Monday, August 16, 2010

Spotlight on Pole Railway Car

Pole railway car c. 1895 (on exhibit on the lower grounds)

Pole railways were used at the turn of the 20th century by a few logging companies on Vancouver Island, including three in the Cowichan region.  The rail cars had concave or cupped wheels that ran along wooden poles instead of steel rails.  Pole railways were designed to be temporary and were a cheaper alternative to steel railways, costing $500 per mile to build compared with $2500 per mile for a conventional one.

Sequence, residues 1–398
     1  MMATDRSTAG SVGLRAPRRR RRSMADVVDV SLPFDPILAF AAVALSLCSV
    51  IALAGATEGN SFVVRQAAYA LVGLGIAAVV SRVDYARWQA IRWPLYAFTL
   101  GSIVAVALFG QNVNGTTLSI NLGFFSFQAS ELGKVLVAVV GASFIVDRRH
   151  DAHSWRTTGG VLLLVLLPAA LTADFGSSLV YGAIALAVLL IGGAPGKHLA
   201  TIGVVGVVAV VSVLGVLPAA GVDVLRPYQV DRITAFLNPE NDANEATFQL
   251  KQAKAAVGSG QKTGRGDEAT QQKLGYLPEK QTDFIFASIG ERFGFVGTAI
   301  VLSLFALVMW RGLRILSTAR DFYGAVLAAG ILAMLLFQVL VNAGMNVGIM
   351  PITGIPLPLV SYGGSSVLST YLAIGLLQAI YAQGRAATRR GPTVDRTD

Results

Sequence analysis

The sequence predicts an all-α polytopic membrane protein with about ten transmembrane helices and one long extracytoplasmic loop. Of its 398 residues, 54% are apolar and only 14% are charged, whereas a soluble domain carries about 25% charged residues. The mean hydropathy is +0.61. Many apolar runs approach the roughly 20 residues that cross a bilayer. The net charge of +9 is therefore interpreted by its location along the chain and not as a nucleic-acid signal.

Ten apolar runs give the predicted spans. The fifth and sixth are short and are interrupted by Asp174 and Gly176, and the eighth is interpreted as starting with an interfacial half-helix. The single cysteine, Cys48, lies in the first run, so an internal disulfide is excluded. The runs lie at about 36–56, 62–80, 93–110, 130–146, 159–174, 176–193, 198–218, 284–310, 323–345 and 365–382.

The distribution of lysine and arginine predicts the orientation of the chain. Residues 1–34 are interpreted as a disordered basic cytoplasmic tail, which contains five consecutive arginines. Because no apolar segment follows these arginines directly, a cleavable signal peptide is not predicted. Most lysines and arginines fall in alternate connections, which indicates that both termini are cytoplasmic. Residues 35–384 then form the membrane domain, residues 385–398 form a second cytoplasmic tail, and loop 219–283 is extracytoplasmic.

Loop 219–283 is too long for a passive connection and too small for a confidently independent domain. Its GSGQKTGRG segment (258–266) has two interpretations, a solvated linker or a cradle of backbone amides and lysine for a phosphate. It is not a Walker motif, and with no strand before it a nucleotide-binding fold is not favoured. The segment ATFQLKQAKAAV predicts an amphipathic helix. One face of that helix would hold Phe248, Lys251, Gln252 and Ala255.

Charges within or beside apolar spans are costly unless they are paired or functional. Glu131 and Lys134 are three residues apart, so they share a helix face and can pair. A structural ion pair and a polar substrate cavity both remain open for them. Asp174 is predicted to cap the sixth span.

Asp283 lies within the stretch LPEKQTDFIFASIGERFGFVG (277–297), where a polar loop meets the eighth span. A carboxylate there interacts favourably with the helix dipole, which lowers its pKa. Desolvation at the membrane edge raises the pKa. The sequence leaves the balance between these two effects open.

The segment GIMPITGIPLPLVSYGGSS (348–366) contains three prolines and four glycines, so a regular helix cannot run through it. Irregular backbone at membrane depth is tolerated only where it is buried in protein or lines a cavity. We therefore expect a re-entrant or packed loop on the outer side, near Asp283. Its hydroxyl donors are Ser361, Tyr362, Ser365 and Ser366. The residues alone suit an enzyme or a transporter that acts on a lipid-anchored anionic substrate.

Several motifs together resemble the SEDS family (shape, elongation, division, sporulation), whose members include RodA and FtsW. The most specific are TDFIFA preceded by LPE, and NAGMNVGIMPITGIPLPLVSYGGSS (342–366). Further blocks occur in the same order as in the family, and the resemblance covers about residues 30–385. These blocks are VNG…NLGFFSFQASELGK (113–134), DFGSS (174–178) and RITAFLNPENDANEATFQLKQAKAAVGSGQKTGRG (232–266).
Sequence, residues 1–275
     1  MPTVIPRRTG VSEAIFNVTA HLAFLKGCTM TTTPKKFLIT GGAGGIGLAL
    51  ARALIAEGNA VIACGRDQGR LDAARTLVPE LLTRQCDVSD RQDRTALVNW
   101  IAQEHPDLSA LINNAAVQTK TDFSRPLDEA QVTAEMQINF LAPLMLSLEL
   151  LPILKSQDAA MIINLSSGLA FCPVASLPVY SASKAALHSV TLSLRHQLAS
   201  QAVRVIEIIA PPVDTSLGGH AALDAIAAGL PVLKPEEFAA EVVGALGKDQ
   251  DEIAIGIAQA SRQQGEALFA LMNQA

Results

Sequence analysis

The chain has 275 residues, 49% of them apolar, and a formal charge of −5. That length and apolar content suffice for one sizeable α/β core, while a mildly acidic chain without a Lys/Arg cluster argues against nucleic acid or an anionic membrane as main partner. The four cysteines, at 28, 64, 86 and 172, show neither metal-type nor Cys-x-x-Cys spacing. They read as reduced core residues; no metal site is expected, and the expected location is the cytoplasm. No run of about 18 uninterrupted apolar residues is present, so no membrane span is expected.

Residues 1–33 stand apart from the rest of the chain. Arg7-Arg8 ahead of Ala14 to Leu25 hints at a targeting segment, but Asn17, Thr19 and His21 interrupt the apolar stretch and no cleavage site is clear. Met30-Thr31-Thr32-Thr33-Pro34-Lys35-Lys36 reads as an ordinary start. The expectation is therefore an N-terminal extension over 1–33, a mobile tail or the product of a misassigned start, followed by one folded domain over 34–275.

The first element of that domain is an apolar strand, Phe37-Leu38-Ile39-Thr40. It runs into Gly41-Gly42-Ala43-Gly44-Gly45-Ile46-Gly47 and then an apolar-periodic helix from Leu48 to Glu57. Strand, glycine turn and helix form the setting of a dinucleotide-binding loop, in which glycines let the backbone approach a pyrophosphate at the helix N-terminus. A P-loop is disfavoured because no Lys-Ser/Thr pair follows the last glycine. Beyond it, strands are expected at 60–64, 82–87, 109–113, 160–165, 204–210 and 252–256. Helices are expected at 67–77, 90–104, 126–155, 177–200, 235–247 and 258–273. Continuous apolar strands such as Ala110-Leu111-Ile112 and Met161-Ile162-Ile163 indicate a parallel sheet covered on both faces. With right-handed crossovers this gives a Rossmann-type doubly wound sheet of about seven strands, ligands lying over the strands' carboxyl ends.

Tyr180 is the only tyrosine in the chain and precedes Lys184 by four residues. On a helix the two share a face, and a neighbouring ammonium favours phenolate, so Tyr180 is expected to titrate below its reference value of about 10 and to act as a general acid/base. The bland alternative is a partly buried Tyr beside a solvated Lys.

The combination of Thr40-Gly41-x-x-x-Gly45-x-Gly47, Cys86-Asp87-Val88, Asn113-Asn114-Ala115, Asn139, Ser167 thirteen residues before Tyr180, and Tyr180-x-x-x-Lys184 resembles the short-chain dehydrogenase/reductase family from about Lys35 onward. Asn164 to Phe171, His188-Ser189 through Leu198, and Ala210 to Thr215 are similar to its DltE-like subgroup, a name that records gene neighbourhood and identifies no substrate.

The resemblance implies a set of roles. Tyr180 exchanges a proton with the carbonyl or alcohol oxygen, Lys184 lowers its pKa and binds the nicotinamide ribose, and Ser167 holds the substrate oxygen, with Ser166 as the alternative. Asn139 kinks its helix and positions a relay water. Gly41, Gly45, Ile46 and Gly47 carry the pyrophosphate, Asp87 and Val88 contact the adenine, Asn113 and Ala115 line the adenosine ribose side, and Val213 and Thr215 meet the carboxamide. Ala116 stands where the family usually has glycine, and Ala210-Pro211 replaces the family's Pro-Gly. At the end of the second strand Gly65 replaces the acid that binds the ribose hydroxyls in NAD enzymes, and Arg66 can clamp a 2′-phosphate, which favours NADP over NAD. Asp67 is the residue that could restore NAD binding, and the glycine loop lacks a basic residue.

"Old Betsy", Shawnigan Lake Lumber Co. No. 1, a 12-ton Climax locomotive
The Shawnigan Lumber Co. used a  pole railway to transport logs around Shawnigan Lake (on Southern Vancouver Island) starting in 1900.  The cars were originally pulled by a team of horses, but eventually the company used a steam locomotive named "Old Betsy" to pull the cars.

Pole railways were not widely used in the forest industry on the coast.  They were built to be temporary and were only well suited for gently sloping and swampy terrain.